Furthermore, “Breaking the Silence” can break one’s eardrums with its silence about the history of scandalous communal cover-ups. It is utterly ludicrous to discuss abuse in the community without addressing the real betrayal experienced by survivors whose victimhood has been denied, minimized, and silenced by our establishment leaders for so long with threats and intimidation. Most survivors of abuse agree that the community response to child sexual abuse is often a worse trauma than the abuse. The parents who have had their children thrown out of yeshivas for the “crime” of disclosing abuse, the families that were literally run out of town, the children who were slapped in the face for daring to name their molester, will all read this book and think “Here we go again.” The reasons for this betrayal are not unknown, as Dr. Michael Salamon explains in his new book, “Abuse: How Extremist Views Undermine the Apprehension of Offenders and the Treatment of Victims.”

On a bright note, David Mandel’s own chapter does provide some comic relief. Although he admits that the rabbis, adult survivors and child advocates who brought this issue to the awareness of the community deserve recognition, he declines to name them with the excuse that he does not want to get them into trouble. As if survivors like Mark Weiss, David Framowitz, and Joel Engleman, Esther Malka Reich, Sara Rosenberg, advocates like Vicki Polin, Ben Hirsh, Michael Salamon, Mark Appel, Assemblyman Dov Hikind, rabbis like Nochem Rosenberg, Yosef Blau, Daniel Eidenshohn, and Yitzchak Eisenman or bloggers like Paul Mendlowitz of UOJ, or Shmarya Rosenberg of FailedMessiah fear backlash in standing up for child safety. Dr. Freud would surely interpret this notion as Mr. Mandel “projecting” his own fear of bringing attention to these individuals who have, almost to a person, been harshly critical of his record (in UOJ’s words) of “letting no cover-up go uncovered.”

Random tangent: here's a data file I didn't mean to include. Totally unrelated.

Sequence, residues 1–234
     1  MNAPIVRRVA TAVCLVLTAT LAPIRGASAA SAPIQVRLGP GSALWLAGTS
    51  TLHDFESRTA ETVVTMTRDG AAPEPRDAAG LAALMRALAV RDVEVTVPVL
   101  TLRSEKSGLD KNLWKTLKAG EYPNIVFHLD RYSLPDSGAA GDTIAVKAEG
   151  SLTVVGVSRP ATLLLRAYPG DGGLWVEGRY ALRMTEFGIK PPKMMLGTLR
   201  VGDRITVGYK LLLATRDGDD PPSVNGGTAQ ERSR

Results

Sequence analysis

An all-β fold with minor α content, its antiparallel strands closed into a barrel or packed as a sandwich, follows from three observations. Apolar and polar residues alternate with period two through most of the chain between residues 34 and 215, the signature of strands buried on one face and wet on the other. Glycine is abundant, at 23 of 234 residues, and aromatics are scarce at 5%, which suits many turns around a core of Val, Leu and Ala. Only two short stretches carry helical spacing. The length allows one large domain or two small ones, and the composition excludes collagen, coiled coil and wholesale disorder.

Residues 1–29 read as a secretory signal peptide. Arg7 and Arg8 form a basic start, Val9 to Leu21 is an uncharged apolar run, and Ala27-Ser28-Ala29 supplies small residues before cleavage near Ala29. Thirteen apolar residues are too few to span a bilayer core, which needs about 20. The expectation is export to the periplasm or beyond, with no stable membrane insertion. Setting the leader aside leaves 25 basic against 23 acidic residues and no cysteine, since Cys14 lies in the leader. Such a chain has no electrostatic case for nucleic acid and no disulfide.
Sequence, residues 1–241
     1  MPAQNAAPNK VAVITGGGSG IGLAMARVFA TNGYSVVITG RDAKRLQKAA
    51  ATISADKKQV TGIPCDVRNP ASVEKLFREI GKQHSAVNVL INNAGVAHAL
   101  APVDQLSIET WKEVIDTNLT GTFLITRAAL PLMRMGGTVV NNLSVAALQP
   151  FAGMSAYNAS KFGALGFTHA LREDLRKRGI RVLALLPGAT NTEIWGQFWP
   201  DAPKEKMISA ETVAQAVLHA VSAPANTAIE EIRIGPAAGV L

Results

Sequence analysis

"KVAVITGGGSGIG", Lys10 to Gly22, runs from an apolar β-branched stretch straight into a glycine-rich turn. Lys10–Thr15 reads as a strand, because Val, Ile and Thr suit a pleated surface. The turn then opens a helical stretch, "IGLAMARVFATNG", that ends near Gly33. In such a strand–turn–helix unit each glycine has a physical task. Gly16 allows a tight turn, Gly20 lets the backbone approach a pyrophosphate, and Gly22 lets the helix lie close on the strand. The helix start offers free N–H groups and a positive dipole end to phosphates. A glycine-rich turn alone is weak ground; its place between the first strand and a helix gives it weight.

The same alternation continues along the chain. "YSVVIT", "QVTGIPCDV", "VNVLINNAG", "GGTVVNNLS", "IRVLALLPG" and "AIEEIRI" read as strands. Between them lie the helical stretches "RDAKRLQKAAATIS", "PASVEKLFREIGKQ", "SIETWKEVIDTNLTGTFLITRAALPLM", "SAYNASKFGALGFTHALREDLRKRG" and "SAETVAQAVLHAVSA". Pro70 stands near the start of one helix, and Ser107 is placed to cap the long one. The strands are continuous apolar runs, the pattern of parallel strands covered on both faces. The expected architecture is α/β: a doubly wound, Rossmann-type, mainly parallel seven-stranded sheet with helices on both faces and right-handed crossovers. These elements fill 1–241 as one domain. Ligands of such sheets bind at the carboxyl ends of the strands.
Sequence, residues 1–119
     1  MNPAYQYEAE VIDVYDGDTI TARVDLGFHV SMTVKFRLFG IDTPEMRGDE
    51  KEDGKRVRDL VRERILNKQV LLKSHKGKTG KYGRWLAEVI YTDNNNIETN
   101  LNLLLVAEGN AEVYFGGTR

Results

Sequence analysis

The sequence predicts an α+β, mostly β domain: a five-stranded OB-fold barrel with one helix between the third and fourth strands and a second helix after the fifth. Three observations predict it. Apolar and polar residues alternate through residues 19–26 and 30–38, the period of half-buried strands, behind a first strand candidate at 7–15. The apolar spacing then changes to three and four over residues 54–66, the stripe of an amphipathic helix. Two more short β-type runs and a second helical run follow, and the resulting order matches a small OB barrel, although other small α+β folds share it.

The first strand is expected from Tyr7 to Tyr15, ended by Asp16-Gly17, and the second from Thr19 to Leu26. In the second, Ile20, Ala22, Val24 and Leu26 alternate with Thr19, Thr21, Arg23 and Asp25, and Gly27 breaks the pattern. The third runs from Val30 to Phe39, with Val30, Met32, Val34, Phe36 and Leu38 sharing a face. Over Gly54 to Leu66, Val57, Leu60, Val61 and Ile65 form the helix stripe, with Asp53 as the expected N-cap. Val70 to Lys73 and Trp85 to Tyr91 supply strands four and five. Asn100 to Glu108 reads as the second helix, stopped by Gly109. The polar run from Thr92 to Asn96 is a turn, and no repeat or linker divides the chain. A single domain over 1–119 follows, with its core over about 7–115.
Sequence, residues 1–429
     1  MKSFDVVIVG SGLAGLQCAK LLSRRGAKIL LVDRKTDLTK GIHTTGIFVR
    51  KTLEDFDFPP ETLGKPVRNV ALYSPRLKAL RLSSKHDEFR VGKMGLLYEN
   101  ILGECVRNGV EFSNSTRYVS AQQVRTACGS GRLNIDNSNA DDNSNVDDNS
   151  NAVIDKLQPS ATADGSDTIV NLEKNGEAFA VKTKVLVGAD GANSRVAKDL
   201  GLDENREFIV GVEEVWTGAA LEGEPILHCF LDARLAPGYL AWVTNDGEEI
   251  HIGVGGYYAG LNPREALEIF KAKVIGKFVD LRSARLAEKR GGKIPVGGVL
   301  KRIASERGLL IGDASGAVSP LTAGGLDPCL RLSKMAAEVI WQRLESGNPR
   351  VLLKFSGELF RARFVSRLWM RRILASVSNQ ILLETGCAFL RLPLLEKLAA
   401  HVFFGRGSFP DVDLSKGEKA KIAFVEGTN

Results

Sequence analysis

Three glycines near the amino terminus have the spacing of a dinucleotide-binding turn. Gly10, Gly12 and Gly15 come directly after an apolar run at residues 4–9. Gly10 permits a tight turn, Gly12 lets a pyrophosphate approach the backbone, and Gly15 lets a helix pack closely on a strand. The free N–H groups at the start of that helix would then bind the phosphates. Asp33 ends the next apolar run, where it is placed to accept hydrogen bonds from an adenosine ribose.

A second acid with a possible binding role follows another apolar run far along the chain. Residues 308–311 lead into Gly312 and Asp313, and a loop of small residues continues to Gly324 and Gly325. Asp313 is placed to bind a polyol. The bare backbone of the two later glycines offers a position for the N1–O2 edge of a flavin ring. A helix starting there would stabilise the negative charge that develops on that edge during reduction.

[1] Mandel, D. (April 29, 2009) Sexual Abuse Legislation: A Proposed Strategy for Reform. Five Towns Jewish Times

[2] Orbach, M. (April 23, 2010) New Square appoints Vaad to deal with sexual abuse. The Jewish Star